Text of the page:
The first part of this series presented a few 17th-century instruction books for the flageolet and recorder. It illustrated continuity in ornamentation practice as the first of them ceded its position in urban amateur music making to the second. The present post moves that discussion into the 18th century and brings reed instruments into it. An instruction book for the Baroque oboe — “hautboy” — comparable to those for the flageolet and recorder was published in London in 1695, titled The Sprightly Companion.
The tunes can be played comfortably on all the explicitly named instruments. (Unqualified reference to a “flute” at that date meant a Baroque recorder, in this case one in C.) Ornamentation is clarified with tablature as in the books examined last time. The Ɔ sign that indicates both a “beat” and a “shake” in them, is used in this one exclusively for a shake executed downward from the note to which it is applied. Here is the first line of the explanatory table with a concluding remark in this post’s banner image.
The absence of a corresponding ornament played from above is surprising. Earlier and later instructions for beginners on other wind instruments include both devices, normally labeling one a shake and the other a beat. Proficient players went beyond them with more intricate ornaments, often written as combinations of the two basic devices. This includes the turn that is a focus of this series alongside its Irish counterpart, the roll.
The list of instruments heading the Sprightly Companion is echoed in the title of A Collection of the most Celebrated Irish Tunes proper for the Violin, German Flute or Hautboy, published by John and William Neal in Dublin in 1724. The only difference is that the common flute (recorder) has been replaced by the German flute (Baroque flute or traverso). There is no narrative material in the book but its use of ornamentation signs is still quite informative.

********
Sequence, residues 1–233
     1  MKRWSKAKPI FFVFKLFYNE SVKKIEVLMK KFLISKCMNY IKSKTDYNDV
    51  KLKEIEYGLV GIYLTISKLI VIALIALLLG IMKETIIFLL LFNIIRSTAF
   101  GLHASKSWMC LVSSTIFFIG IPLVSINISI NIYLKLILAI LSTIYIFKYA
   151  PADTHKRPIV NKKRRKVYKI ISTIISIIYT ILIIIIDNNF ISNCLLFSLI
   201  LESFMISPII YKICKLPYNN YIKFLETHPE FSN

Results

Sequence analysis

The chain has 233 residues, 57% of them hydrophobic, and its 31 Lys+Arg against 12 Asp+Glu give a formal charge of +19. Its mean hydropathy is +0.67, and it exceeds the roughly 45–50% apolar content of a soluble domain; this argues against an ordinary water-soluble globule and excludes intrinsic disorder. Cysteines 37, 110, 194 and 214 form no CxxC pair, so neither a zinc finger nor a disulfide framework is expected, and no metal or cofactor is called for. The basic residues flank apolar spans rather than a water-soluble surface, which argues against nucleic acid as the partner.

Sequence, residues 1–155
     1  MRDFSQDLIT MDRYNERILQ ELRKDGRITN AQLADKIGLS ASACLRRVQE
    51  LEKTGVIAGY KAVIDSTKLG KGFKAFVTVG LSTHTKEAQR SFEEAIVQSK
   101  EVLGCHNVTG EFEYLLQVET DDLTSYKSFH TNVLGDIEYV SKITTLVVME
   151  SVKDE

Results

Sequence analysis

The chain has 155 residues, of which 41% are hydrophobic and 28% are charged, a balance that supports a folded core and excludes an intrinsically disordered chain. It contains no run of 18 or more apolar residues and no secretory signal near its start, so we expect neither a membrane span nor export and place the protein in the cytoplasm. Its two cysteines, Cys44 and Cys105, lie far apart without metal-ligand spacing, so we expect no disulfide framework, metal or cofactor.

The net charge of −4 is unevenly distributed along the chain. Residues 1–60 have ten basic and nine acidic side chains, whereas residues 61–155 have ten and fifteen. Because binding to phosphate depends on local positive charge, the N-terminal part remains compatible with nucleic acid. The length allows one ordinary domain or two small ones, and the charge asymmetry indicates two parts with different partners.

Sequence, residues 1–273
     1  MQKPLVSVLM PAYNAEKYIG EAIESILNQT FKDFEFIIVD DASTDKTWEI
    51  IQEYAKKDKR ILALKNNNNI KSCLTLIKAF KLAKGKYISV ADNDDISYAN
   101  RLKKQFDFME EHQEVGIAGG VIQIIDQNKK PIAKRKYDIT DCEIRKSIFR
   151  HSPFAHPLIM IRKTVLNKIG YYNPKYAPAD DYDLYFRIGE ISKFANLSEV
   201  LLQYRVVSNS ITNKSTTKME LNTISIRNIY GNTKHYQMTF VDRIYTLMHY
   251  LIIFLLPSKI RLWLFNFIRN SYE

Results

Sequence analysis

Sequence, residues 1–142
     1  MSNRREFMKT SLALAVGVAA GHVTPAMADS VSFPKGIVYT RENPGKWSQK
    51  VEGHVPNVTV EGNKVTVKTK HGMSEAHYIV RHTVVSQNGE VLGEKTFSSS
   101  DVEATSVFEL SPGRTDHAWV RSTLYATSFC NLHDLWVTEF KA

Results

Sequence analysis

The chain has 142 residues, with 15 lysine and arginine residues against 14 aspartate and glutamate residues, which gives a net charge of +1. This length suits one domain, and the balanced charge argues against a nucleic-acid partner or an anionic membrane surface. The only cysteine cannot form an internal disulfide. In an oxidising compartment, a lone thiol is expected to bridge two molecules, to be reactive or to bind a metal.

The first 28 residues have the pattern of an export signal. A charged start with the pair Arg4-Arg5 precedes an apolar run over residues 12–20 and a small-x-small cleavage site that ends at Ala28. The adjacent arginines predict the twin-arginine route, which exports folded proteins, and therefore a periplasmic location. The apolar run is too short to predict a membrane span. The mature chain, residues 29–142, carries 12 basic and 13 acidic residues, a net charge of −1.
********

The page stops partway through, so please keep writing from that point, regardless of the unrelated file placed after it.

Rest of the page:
One of the tunes is well known as Si Bheag Si Mhor, by Turlough O’Carolan who may have written the lyrics The Bonny Cuckoo to the original melody. The t was a common abbreviation for trill at the time, with the zigzag sign representing the mordent, as it still does. In the attested practice of that day, a trill started on the note above and a mordent went to the note below.
Another tune, Ye RAGG set by A gentleman, illustrates the embellishment of a melody both by what earlier sources call its diminution and the application of ornaments. It is peppered with turns written by placing a trill sign over the principal note and extending it with short-value ordinary notes, binding the aggregate with a slur. Here is a four-measure excerpt from the undecorated Ragg, followed by one of its variations.
This doubtless represents the accustomed style of the anonymous gentleman’s musical community. If The Ragg is accepted as a traditional tune, the question becomes how far his setting also reflects the performance practice of the community in which it originated. As is frequently the case, a spectrum of instrument-specific variation needs to be weighed into the answer.